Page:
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A fluid and protean character actor of the first order, Wendell Pierce brought palpable charm and presence to his vast array of film and television roles, which were capped by his five seasons as the cagey Detective Bunk Moreland on "The Wire" (HBO, 2002-07). A powerfully built man who could generate laughs and tension with equal ease, Pierce began his career in theater before moving into features and television in the late 1980s. His versatility earned him roles in films by such significant directors as Spike Lee with "Get on the Bus" (1996), Woody Allen with "Manhattan Murder Mystery" (1993) and Barry Levinson with "Sleepers" (1997), but it was his turn as a sweet if inept lover in Forest Whitaker's "Waiting to Exhale" (1995) that put him on the map. "The Wire" became one of his greatest showcases, with Bunk becoming an audience favorite by virtue of his old-school police principles and profane quips. The critically acclaimed series led to greater exposure for Pierce, who used some of his newfound fame to bring attention to his hometown of New Orleans after its devastation by Hurricane Katrina. In 2010, Pierce finally earned top billing in "Treme" (HBO, 2010- ), a drama series set in New Orleans...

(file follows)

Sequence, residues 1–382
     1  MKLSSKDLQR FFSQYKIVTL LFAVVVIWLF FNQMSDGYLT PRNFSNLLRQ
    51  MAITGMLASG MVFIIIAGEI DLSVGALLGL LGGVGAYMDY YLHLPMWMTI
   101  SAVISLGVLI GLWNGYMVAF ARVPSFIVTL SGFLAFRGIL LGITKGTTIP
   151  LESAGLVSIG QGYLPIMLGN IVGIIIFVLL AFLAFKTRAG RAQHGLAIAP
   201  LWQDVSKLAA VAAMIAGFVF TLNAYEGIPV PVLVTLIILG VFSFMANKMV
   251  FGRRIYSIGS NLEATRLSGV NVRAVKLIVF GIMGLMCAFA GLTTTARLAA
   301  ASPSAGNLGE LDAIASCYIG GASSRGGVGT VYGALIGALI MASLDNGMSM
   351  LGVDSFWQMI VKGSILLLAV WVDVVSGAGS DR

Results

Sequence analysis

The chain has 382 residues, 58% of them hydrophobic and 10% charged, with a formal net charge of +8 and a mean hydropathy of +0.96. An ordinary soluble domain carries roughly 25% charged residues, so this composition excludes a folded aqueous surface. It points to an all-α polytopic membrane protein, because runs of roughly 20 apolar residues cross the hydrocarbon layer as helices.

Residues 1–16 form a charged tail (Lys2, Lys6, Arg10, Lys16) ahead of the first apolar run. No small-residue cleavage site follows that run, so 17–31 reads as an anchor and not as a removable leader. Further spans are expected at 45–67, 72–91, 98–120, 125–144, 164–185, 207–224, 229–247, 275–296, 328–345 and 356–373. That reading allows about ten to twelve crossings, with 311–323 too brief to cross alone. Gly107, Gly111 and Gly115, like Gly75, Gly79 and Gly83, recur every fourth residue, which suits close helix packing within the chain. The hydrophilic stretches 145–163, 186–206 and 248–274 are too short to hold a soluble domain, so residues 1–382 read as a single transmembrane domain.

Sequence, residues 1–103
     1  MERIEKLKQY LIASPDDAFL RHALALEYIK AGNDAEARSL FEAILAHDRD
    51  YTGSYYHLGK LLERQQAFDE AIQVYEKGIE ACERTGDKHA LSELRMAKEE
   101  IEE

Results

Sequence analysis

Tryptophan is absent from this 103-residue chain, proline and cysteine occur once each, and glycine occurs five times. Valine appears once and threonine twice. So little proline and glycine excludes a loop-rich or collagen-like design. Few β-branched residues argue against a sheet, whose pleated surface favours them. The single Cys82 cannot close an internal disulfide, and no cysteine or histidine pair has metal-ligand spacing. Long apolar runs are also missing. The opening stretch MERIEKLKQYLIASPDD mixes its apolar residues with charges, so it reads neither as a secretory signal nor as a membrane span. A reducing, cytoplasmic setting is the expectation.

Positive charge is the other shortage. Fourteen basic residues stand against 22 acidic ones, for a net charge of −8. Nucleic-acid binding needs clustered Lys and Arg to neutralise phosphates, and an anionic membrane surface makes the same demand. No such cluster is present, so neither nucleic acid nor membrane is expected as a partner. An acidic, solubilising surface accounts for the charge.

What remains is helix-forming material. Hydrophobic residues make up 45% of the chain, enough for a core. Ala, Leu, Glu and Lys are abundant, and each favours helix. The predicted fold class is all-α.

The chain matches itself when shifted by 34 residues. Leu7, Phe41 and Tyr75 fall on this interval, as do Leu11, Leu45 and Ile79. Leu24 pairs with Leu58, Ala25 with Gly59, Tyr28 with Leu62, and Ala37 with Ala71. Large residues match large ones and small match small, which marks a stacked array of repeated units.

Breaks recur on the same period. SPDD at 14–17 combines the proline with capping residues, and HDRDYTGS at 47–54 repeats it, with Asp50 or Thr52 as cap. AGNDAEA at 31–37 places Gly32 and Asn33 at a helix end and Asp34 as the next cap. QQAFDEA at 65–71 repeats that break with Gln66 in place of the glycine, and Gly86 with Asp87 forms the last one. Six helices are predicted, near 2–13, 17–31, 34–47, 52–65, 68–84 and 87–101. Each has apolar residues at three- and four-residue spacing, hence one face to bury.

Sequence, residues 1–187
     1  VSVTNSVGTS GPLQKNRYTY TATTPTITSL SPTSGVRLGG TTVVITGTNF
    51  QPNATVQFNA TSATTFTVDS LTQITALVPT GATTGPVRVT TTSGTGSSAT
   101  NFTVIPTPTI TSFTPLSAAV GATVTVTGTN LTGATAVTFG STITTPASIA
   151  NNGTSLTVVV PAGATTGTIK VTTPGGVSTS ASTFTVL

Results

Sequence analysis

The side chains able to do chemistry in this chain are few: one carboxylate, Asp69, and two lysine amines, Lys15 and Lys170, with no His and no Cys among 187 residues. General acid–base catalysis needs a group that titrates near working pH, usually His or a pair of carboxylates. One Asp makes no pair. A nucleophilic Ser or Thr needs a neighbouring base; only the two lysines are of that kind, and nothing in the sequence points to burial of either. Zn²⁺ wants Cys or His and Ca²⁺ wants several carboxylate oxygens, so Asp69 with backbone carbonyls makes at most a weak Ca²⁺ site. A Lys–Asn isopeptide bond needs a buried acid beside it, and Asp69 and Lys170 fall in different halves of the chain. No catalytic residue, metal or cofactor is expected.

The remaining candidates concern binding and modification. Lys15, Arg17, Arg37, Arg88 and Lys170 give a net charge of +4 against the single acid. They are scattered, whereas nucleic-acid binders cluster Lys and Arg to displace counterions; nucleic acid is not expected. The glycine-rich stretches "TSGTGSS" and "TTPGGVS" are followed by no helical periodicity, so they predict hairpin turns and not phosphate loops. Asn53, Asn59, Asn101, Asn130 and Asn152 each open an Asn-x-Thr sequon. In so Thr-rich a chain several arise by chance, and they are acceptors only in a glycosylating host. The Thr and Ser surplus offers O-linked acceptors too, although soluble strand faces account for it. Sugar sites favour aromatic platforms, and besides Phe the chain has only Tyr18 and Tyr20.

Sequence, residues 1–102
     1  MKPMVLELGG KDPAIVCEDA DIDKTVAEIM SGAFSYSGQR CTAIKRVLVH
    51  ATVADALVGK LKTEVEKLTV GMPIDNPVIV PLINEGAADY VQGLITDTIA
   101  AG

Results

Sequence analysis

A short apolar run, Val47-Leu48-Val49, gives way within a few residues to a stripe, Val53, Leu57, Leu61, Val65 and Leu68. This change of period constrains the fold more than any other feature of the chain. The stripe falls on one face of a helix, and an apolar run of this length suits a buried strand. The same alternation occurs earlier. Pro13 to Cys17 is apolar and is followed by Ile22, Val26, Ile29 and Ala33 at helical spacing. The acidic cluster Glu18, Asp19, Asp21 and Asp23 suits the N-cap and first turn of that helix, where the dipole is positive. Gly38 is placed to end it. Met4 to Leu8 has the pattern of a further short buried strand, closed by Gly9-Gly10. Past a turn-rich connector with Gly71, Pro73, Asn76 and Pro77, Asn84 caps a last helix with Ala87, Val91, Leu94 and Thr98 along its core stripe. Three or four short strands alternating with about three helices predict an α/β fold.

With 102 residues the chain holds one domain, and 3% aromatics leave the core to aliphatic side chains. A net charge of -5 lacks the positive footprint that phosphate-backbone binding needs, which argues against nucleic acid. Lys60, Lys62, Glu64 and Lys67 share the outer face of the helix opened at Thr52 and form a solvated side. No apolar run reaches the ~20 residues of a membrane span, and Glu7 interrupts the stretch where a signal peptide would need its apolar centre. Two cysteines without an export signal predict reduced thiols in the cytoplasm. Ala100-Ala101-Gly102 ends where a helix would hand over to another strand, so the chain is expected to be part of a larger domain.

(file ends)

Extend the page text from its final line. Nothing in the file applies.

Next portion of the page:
A fluid and protean character actor of the first order, Wendell Pierce brought palpable charm and presence to his vast array of film and television roles, which were capped by his five seasons as the cagey Detective Bunk Moreland on "The Wire" (HBO, 2002-07). A powerfully built man who could generate laughs and tension with equal ease, Pierce began his career in theater before moving into features and television in the late 1980s. His versatility earned him roles in films by such significant directors as Spike Lee with "Get on the Bus" (1996), Woody Allen with "Manhattan Murder Mystery" (1993) and Barry Levinson with "Sleepers" (1997), but it was his turn as a sweet if inept lover in Forest Whitaker's "Waiting to Exhale" (1995) that put him on the map. "The Wire" became one of his greatest showcases, with Bunk becoming an audience favorite by virtue of his old-school police principles and profane quips. The critically acclaimed series led to greater exposure for Pierce, who used some of his newfound fame to bring attention to his hometown of New Orleans after its devastation by Hurricane Katrina. In 2010, Pierce finally earned top billing in "Treme" (HBO, 2010- ), a drama series set in New Orleans that showed a new audience what Pierce's fans had been saying for over two decades: that he was among the best actors in the business, bar none.